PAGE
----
Last week I participated in the Twitter chat #bridalbabble, which I now do every Wednesday at 4pm (Eastern) —join us!— and one of the brides mentioned that she learned a valuable lesson when she and her fiancé had a friend shoot their engagement photos. The photos did not come out well and required a lot of editing before the couple could use them.
It reminded me of what happened 10 years ago when my husband and I got married. A very good friend offered to video tape our wedding as part of her gift to us. We accepted and were very excited. She taped the ceremony and the crucial parts of the reception (the cocktail hour entertainment, bridal party entrance, speeches, cutting the cake, etc).
We were married in early October and a few weeks before Christmas, I inquired about the videos. My friend told me she had actually borrowed the video camera from a friend of hers because she didn’t have her own, and she was waiting for the friend to burn the videos onto a CD. Long story short, for months her friends were too “busy” and then started dodging her calls.
Finally, about three weeks before our first anniversary, I told my friend I wanted to call these people directly and demand my videos. So I called up, reached the husband, and as politely as I could gave him the riot act. He told me that he didn’t think they had my wedding anymore because their computer crashed just days before I called.
Ultimately, they lost our entire ceremony (you know, the part you barely remember because of nerves, emotions, and excitement) but they were able to recover the reception video. We were grateful for that, but I really wanted our ceremony video for so many reasons: to see our faces when we first saw each other, to hear our vows and the duet our friends sang for us, and to see my friend, the priest who married us and has now since passed away.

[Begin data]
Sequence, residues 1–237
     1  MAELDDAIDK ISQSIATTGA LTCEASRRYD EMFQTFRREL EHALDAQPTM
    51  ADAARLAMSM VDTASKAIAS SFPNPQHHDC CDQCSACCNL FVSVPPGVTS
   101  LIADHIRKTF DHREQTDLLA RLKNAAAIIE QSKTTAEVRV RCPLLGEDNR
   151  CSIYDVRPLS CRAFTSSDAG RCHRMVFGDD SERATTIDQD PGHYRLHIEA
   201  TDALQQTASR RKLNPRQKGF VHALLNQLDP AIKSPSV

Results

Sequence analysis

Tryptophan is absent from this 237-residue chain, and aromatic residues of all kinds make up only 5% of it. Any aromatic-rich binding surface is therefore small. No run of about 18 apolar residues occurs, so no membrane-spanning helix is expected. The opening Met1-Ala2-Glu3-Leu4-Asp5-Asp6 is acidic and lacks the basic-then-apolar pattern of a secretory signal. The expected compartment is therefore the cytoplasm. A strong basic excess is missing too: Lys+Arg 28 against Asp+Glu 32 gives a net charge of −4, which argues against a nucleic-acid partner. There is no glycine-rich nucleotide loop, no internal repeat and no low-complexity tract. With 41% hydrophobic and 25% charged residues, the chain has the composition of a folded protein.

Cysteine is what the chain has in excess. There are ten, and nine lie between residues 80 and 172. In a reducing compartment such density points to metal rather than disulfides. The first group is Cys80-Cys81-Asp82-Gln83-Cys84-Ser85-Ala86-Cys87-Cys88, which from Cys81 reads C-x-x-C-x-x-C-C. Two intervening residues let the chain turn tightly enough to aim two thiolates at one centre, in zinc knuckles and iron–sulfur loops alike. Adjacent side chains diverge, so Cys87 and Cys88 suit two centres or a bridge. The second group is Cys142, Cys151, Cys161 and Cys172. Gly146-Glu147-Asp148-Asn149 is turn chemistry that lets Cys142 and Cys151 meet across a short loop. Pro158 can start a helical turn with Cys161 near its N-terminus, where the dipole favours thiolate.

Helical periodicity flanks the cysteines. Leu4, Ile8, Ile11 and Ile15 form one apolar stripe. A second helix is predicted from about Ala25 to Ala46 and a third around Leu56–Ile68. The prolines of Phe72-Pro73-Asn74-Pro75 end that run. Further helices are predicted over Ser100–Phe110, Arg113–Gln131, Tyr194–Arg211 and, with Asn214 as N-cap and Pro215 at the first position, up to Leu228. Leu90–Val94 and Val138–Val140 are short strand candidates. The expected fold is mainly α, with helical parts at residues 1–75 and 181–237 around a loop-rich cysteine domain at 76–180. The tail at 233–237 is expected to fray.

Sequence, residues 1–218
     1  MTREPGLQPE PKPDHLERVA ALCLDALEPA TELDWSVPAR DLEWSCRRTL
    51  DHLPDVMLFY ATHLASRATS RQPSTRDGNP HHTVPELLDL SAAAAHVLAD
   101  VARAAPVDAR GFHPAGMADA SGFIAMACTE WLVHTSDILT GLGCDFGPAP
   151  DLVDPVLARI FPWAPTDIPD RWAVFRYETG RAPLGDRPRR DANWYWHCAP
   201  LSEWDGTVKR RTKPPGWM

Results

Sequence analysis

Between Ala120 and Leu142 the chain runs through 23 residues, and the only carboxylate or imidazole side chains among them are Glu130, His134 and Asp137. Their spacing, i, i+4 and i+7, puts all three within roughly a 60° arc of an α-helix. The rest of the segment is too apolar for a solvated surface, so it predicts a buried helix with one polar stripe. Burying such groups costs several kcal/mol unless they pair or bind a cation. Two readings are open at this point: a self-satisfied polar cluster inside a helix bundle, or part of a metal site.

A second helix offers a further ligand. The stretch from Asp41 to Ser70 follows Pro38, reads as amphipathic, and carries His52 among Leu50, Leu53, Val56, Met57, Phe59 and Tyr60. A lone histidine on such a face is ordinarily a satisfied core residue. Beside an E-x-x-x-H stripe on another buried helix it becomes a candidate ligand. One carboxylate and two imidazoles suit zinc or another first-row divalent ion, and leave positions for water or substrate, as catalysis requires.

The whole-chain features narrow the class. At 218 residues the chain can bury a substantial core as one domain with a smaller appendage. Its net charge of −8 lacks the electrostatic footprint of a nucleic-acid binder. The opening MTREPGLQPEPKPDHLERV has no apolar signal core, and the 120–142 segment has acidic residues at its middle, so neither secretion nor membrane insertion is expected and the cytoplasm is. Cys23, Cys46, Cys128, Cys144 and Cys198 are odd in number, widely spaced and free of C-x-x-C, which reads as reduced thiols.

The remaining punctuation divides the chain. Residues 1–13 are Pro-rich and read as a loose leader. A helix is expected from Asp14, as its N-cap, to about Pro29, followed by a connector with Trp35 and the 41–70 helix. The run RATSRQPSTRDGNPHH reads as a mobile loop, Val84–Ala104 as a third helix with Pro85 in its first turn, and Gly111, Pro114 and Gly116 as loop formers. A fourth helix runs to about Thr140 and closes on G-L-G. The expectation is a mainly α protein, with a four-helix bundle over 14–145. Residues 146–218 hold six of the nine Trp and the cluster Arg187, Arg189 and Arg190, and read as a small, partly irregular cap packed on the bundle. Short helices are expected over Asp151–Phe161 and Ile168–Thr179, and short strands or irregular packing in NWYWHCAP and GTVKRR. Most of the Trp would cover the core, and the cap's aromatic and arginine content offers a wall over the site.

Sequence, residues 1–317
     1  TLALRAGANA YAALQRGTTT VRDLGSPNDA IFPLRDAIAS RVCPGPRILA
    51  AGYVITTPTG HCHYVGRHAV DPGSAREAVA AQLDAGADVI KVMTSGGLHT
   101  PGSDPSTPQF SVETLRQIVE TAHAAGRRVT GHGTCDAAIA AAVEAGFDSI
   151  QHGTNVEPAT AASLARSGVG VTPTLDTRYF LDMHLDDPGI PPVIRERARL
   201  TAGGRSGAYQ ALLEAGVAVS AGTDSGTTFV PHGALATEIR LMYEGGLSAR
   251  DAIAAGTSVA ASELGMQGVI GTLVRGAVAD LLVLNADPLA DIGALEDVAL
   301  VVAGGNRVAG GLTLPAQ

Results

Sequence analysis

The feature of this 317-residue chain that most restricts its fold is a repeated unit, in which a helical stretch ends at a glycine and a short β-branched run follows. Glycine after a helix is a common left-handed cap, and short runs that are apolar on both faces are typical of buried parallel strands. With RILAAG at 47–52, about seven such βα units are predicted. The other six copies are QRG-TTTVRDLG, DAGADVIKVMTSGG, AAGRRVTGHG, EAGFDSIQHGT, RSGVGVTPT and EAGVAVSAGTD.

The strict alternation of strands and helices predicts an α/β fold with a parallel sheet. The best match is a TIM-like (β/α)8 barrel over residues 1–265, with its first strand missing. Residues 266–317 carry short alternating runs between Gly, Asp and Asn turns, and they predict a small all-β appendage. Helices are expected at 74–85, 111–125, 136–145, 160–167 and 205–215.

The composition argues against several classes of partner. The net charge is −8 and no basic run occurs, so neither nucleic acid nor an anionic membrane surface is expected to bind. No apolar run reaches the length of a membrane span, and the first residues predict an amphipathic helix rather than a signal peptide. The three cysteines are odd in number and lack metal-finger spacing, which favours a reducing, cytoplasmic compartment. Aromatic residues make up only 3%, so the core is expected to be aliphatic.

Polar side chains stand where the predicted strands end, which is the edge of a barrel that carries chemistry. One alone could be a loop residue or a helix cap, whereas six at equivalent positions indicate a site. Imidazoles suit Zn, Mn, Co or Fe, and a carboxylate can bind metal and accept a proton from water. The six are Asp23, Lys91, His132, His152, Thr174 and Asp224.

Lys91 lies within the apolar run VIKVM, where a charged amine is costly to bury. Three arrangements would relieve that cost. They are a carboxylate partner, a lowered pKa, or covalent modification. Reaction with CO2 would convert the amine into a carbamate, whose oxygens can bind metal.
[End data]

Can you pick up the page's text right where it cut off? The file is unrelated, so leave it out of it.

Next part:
All of this is to say that if a friend offers to photograph or videotape your wedding, or for financial reasons you need to rely on a friend, be sure you trust them. Based on my experience, here are some things you should consider:
- Make sure it’s someone who will take the task seriously.
- Ask them to show you the equipment they plan to use and see if they can bring a backup camera (and if they’re borrowing it, make sure they a.) know how to use the camera and b.) create the disc, thumb drive, or cloud folder for you before returning the camera – avoid the middleman).
- Ask if they’ve shot a wedding before and see if they can show you any pictures.
- Ask if they have any experience shooting in different lighting situations – even professionals can struggle with dark ballrooms and other lighting issues.
- Have a conversation with that friend about expectations and your desires.
Good quality professional photographers and videographers are absolutely worth the money, however, sometimes couples need to save money in this area. But know that unless the friend is a professional giving you the gift of free or discounted work, or is naturally a talented photographer, you may not get professional results. I just want you to end up with beautiful, clear photographs (and/or videos) because once the wedding day is over, the memories and the images are what remain.